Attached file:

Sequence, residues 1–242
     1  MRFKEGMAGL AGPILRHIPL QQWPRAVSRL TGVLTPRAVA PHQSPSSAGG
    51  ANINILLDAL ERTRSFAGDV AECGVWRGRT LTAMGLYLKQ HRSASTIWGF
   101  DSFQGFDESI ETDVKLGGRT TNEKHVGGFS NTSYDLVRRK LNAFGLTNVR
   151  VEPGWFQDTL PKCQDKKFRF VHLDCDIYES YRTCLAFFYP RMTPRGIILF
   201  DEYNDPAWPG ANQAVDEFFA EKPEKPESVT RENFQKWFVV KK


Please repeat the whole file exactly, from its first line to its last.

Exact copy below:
Sequence, residues 1–242
     1  MRFKEGMAGL AGPILRHIPL QQWPRAVSRL TGVLTPRAVA PHQSPSSAGG
    51  ANINILLDAL ERTRSFAGDV AECGVWRGRT LTAMGLYLKQ HRSASTIWGF
   101  DSFQGFDESI ETDVKLGGRT TNEKHVGGFS NTSYDLVRRK LNAFGLTNVR
   151  VEPGWFQDTL PKCQDKKFRF VHLDCDIYES YRTCLAFFYP RMTPRGIILF
   201  DEYNDPAWPG ANQAVDEFFA EKPEKPESVT RENFQKWFVV KK